First and foremost, Herman Miller products were sold internationally through wholly owned subsidiaries in countries including Canada, France, Germany, Italy, Japan, Mexico, Australia, Singapore, China, India, and the Netherlands. Hence, they use the international strategy to compete its products in each country. In other words, they use the foreign subsidiary strategies because it seemed that they prefer to have a direct control over all aspects of operating in a foreign country that is the reason why they established wholly owned subsidiaries.

As a result, this strategy was successful as their brand was recognized by customers and increased customer base spreading over 100 countries. Moreover, they used green marketing strategy to sell their products. This is because they mainly focus on environmental friendly such as Mirra chair, one of their products which was made of 45 percent recycled materials, and 96 percent of its material were recyclable. Therefore, the chairs used 100 percent renewable energy. Due to this strategy used, Mirra chair was recorded as one of the Top 10 Green Products by Architectural Record and Environmental Building News.

Hence, this can indicate the success of using this strategy. In addition, Herman Miller engaged in cooperating advertising with strategic partners. As the example of Hilton Garden Inns which they equipped the Mirra chair in some room and on the desk in the room, was a card that explain how to adjust the chair while also providing the advertisement of Herman Miller’s website, how to purchase the products. Likewise, this is one of the advertising used to promote their products by using the strategic partner. As a result, they can reduce the advertising cost and gain more brand awareness.

Lean Production Initially, at Spring Lake, Herman Miller had invested in a giant robot assembly that welded supports inside file cabinet housings, including a tractor-trailer-length automated welding line with 1,000 sensors to drive labor completely out of the process. Unfortunately, big customers like Hewlett-Packard and AT&T were pulling their orders of 100 instead of 500 and some wanted file cabinets in two weeks instead of six with much higher quality. The Spring Lake plant could not deliver, and certainly not for the lower prices customers demanded.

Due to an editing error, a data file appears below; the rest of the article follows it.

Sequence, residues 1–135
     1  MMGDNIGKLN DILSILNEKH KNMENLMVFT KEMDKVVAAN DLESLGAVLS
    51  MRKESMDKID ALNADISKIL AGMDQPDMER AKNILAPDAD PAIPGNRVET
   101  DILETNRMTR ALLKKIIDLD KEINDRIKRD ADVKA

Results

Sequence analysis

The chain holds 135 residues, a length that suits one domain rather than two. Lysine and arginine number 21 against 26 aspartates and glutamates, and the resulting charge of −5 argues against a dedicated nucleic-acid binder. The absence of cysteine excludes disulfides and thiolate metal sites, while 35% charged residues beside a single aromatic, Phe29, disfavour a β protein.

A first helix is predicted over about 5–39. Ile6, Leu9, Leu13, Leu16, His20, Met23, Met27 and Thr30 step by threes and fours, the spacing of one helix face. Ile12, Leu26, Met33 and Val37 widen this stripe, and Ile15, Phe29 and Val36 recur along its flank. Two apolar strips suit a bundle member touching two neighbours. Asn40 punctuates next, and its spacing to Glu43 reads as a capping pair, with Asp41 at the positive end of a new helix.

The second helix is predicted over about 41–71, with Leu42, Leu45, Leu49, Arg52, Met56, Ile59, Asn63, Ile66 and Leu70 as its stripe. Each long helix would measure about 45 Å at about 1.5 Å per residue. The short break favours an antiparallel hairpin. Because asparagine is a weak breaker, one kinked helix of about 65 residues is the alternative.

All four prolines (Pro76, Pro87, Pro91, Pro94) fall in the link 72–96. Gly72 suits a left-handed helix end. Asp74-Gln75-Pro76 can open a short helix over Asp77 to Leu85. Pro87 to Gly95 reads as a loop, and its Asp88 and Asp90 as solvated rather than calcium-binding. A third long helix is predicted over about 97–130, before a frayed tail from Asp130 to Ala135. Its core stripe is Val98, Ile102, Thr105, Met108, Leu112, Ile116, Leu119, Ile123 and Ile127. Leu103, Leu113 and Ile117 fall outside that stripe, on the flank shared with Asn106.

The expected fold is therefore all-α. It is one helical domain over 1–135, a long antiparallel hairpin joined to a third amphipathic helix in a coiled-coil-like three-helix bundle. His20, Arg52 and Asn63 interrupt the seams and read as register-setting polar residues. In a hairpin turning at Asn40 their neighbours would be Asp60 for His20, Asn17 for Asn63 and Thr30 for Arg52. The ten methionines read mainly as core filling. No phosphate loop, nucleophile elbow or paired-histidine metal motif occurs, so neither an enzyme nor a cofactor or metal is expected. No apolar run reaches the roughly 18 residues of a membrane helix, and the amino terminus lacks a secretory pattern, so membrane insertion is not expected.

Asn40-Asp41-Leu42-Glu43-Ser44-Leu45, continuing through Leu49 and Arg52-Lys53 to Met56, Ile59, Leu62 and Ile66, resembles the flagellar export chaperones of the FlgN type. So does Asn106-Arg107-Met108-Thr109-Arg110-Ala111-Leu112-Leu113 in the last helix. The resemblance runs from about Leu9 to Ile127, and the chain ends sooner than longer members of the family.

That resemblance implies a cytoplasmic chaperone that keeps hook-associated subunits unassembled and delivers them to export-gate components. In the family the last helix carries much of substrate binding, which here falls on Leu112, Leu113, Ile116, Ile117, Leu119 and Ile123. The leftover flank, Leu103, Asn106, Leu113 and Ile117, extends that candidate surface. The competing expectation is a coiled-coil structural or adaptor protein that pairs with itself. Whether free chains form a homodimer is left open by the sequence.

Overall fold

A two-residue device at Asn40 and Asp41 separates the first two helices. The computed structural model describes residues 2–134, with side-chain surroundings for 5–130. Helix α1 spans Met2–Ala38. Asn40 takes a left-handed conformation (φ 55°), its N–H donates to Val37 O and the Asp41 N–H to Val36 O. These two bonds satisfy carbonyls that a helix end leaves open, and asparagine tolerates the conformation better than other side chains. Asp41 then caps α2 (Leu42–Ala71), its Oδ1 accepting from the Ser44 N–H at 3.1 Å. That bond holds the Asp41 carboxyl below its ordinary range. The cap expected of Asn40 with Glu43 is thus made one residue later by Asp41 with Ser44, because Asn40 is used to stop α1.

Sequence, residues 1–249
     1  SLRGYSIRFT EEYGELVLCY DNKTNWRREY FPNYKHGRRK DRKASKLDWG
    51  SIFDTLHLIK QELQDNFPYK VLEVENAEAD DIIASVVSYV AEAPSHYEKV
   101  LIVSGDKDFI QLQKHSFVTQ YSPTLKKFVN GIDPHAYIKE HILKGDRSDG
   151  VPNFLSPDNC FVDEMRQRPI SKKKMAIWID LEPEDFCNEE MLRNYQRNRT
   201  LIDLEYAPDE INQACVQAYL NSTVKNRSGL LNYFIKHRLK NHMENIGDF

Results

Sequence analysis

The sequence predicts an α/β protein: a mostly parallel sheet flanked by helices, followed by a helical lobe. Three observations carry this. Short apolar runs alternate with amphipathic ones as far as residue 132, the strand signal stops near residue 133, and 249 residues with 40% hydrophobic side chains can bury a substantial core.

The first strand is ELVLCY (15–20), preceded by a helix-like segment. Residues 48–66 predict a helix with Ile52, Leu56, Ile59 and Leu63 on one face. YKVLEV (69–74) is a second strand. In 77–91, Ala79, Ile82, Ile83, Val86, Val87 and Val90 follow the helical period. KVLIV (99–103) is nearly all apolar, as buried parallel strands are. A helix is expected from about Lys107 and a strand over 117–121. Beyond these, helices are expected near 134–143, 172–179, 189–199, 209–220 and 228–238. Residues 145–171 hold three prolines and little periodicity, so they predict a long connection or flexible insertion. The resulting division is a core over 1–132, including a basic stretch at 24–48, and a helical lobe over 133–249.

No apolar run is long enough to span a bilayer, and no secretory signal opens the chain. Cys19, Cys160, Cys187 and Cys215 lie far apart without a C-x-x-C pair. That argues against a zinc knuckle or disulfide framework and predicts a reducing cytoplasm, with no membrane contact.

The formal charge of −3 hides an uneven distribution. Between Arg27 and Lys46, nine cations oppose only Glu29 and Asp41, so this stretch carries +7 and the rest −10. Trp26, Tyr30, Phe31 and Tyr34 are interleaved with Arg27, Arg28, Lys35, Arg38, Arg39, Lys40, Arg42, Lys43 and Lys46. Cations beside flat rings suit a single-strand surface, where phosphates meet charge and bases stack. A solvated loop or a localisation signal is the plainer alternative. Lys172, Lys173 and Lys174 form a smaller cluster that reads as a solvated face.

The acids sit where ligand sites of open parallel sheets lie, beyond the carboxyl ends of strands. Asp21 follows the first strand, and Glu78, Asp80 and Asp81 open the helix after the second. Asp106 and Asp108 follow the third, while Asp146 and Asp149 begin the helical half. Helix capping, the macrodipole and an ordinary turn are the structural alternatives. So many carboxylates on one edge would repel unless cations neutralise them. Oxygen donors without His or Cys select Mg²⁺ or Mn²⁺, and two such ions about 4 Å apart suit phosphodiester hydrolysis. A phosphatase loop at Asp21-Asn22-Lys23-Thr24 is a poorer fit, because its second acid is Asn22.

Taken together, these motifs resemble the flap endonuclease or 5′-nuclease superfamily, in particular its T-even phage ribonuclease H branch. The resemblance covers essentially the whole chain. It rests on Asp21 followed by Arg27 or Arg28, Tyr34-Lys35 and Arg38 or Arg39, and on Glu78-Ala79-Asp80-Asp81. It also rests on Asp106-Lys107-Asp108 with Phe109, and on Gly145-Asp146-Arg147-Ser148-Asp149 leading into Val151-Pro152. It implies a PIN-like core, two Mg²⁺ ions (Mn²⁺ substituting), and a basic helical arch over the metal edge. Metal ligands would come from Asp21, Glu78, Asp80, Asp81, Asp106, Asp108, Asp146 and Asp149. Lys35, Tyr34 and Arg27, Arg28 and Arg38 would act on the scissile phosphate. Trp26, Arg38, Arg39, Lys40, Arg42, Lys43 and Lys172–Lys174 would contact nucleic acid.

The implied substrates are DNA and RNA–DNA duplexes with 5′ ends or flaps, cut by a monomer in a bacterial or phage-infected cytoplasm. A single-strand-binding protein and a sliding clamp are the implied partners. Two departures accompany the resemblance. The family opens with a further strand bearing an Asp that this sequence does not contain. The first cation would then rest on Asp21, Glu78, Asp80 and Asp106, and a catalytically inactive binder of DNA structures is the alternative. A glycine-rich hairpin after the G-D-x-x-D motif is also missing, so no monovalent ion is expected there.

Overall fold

HMPS created competitive advantage through large assembly – manufacturing based. For example, direct materials and components purchased as needed to meet the demand and some suppliers delivered parts to Herman Miller production facilities five or six times per day. This resulted in a standard lead time of 10 to 20 days for majority of the products and low inventories on hand. Interestingly, HMPS managed to increase the variable costs rather than fixed costs while retaining proprietary control over manufacturing process.

It was reported that “the plant managers across Herman Miller have learned that the best-run plants rely on people, not machines. Only people can solve problems to make assembly lines go faster, run cheaper, and deliver higher quality” (Booz&co. , 2010, para 25). Therefore, it can be concluded that labor intensive approach tend to outperform machine intensive approach especially when the products demand further customization with limited time and the majority of industry products are built to each customer’s unique order. Question 2: Culture at HMI: healthy and largely supportive of good strategy execution.

Herman Miller had codified its long-practiced organizational values, intended as a basic for uniting all employees, building relationship, and contributing to society. Herman Miller started in 1905 with the Star Furniture Company and created the Herman Miller furniture company with his son in law named Dirk Jan De Pree. From the beginning, De Pree committed himself to treating all workers as individuals with specials talents and potential. This was part of Herman Miller’s corporate culture which continued to generate respect for all employees and take advantage of the diversity of skills possessed by all.